From the opening notes of “Vortex,” the first track on Lost Themes (Amazon, iTunes), it’s clear that the album could only be the work of John Carpenter. The moody piano chords that open the track soon give way to the insistent, pulsing bass immediately recognizable from Carpenter’s iconic film scores for his movies. It’s joined by the eerie sustained high notes that put one in the mind of a cursed seaside community in northern California, or a sleepy midwestern town terrorized by a terrifyingly motiveless killer. And the power chords that punctuate the track are straight out of Carpenter’s scores for his action movies – my first listen to the track inspired the thought “Snake Plisskin is back,” which is a nonsense thought, but there it is. Lost Themes lives up to its title, frequently inspiring the listener to imagine Carpenter-esque images from movies the director never made.
At the same time, the title is just a bit misleading, and it helps to know about the nature of this album’s creation to better appreciate it. Working with his son Cody and his godson, Daniel Davies, Carpenter produced these tracks in his basement for fun and, to hear him tell it, the decision to release them as an album was almost a whim. Also, the tracks were composed using Logic Pro software, which gives them a different feel than the many scores that, while performed on synths, were recorded live while Carpenter and his collaborators played along to the film. Without the restraint of the timing and precision necessary to underscore a movie and punctuate its scares, Lost Themes is, perhaps inevitably, all over the place.
This results in some tracks, like “Obsidian” and “Mystery,” that sound more like video game music than anything else. Carpenter is famously a huge fan of video games, and if you are too, you’re likely to dig these tracks, but they have a distinctly different feel from his film scores. The most out-of-nowhere moment comes on “Domain,” which breaks into an out-of-nowhere power ballad riff that sounds more suited to a training montage from a Rocky movie than anything we’d expect from Carpenter. Granted, the idea of Carpenter scoring training montages is kind of awesome in its own way, but anyone expecting nine tracks of Carpenter doing horror themes should adjust their expectations.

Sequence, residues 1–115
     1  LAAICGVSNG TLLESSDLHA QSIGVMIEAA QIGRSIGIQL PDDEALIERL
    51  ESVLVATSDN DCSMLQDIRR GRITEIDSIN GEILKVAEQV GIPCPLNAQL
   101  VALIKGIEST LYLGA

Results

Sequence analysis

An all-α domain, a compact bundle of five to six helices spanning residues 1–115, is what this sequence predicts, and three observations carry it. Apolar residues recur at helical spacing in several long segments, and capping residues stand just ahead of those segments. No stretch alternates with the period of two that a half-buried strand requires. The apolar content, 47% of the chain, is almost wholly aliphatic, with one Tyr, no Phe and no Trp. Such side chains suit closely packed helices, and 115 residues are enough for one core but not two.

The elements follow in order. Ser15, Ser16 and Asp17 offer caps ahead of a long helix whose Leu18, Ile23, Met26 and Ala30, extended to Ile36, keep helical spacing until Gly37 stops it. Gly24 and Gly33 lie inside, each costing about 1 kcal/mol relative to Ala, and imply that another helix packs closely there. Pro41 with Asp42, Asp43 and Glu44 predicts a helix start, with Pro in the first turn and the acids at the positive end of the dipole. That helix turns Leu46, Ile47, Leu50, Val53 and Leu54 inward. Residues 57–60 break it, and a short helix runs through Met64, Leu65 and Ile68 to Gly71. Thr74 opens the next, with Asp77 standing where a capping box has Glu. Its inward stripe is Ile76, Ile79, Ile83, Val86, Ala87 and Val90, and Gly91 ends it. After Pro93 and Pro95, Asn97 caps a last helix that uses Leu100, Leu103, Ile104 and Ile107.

At other points, the uneven quality results in some pleasant surprises. Tracks like “Wraith” and “Night,” the album’s closer, remind of the film scores of Trent Reznor; it’s interesting to hear Carpenter engaged in a sort of dialogue through his music with the younger artists he’s influenced. There’s also the distinct influence, particularly in “Abyss” of the Italian group Goblin, who scored many of Dario Argento’s films. Carpenter has long credited Goblin as an influence on his Halloween scores, and while the director has never shown much of a desire to reflect on his own career in interviews, Lost Themes shows ties both to the past and the present.
Overall, the album creates the kind of fantastic atmosphere that Carpenter could create better than anyone with his movies and scores. I first listened to the album on a long drive on winding mountain roads, and the music made me feel like I was on a journey to a fateful confrontation with some centuries-old evil force (actually, I was just visiting some friends). And for anyone writing a genre screenplay or book, this album will make for ideal background music to get your imagination going. If you go into Lost Themes expecting as coherent a listening experience as Carpenter’s film scores, you might be a little disappointed. But as far as albums that were born out of an old guy screwing around in his basement with a computer go, it’s probably the best ever.